Connecting with students allows movement through the limbic system, or the emotional brain, and will enable the student to begin operating from the cortical region. Often, a quick check-in at the beginning of class and utilizing connection methods efficiently can move a class into learning mode relatively quickly. However, the process may take longer depending on the needs of the class. Co-regulation, in which a well-regulated adult aids a student in regulating their emotional state, requires the ability to de-escalate. Calling out a student on their challenging behaviors, given the part of the brain operating at that moment, will likely lead to disaster.
Creating a growth mindset in students who have bought into the narrative of failure, that they will not succeed even if they work hard, can take time. However, a teacher's unequivocal belief in a child's ability to grow, along with genuinely valuing the student for who they are, can carry a student until they can believe in themselves.
No matter the myriad of mistakes the student will most likely make, the teacher’s faith cannot waiver. With someone consistently believing in them, students begin to believe in themselves. Their belief is fragile at first and needs much bolstering, but their belief will grow with time as each achievement, however small, builds their belief in themselves.
How can educators build trust and empower all students?
Building trust with students requires teacher self-awareness and self-regulation. We get triggered, too, especially when tired and overwhelmed. We are human. Philosophies that may help educators include: (a) respond rather than react: take a deep breath and a few extra moments to make a wise choice about a response, (b) model the process verbally with students to demonstrate the power of choice in responding to life circumstances we may not control (c) connect before correct to emphasize the value of the relationship to the student, and (d) provide diagnostic, as well as evaluative feedback, so improvement feels possible.
Validating a students’ emotional experience does not condone an action. However, listening and eliciting students' perspectives without judgment while using the art of asking questions in the quest to understand can allow a teacher to establish safety for the student and re-connect. This process will bring the student back into the part of the brain that can understand the harm their behavior may have caused. When we make mistakes and we will, because we are human beings and often exhausted and overwhelmed, as educators, we have a tremendous opportunity to model sincere apologies and sincere compassion, as well as a desire to prevent the harm from occurring again. Our students learn best from watching us.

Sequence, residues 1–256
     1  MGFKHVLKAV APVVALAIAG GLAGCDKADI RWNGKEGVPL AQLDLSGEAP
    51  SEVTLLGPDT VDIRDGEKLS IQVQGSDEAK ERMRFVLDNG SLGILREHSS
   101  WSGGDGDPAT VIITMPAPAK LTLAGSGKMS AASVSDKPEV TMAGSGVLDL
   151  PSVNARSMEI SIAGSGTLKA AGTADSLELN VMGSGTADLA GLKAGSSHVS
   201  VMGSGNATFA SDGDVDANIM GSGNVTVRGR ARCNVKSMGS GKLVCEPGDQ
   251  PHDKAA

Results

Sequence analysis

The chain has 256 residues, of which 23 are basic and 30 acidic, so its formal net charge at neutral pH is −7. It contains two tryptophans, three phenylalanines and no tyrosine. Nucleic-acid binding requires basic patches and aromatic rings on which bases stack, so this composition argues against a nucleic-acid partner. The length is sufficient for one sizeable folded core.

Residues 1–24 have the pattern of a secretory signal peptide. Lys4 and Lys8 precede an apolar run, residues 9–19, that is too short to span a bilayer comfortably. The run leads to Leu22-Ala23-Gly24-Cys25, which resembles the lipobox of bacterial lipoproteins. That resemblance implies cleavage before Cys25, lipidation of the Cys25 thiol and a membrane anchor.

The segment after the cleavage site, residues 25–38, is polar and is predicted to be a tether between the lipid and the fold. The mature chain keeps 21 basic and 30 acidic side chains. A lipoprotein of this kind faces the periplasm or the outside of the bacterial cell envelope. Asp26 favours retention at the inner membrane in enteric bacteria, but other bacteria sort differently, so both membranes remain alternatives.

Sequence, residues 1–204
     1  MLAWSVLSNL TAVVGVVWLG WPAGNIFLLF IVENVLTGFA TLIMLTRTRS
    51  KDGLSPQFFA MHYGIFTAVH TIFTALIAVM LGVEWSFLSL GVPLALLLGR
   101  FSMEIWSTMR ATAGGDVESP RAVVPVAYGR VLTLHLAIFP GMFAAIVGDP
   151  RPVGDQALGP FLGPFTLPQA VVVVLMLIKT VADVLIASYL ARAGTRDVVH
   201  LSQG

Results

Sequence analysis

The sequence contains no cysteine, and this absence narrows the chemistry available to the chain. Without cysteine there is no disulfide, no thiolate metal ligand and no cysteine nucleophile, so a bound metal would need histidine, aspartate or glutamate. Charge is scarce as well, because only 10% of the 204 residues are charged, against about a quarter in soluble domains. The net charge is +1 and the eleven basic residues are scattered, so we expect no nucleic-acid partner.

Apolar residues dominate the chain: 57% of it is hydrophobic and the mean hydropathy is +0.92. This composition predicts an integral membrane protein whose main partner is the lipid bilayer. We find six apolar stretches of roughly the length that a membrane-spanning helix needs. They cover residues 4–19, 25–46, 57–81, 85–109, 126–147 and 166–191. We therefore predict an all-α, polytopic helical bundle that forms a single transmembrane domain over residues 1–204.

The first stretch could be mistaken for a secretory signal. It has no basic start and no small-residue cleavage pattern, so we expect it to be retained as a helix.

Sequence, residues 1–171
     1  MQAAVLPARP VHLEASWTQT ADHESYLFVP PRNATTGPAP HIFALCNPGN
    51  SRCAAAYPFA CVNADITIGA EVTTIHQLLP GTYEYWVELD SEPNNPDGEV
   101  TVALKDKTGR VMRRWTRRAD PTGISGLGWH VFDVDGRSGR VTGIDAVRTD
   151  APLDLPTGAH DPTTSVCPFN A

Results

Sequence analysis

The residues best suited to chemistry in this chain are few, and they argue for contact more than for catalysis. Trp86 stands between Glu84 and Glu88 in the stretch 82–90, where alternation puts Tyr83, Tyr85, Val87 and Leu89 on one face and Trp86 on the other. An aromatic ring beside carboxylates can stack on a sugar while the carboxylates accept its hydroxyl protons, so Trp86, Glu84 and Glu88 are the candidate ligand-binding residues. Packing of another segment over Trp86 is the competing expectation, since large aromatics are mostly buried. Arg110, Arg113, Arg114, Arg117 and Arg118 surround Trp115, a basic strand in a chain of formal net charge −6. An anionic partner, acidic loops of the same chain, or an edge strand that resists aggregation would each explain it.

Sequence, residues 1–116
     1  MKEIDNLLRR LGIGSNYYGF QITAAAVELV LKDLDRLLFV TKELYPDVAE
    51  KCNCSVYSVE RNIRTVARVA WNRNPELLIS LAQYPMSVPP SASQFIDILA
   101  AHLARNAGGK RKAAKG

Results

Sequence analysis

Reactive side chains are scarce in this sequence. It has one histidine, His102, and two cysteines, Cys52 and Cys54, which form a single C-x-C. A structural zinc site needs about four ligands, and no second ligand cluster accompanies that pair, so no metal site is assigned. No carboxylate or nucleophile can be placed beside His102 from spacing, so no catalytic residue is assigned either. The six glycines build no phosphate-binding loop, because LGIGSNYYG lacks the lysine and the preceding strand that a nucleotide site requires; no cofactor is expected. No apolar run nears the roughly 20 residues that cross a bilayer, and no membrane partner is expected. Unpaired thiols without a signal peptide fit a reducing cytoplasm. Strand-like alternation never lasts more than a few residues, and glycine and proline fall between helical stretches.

Teachers can facilitate student empowerment through choice. Educators must teach to academic standards, which set the parameters for content, but within those parameters, the opportunity exists for student agency in platforms and formats. Providing clarity, consistency, predictability, and routine are valuable practices for students who deal with trauma. However, offering reasonable flexibility when facing the unexpected and acknowledging each student's unique challenges can build trust and facilitate the learning process.
Maintaining high standards and providing the necessary supports and scaffolding for students to reach those high expectations is crucial. Our job as educators is to implement effective instructional methods and interventions when our instructional methods are insufficient, the necessary initial scaffolding for students to meet expectations, and adequate support so that students have access to the knowledge and skills needed for success. It is not our responsibility to limit our students, even with good intentions of protecting them from disappointment. Each student deserves the right to discover and decide for themselves what their limits are if any.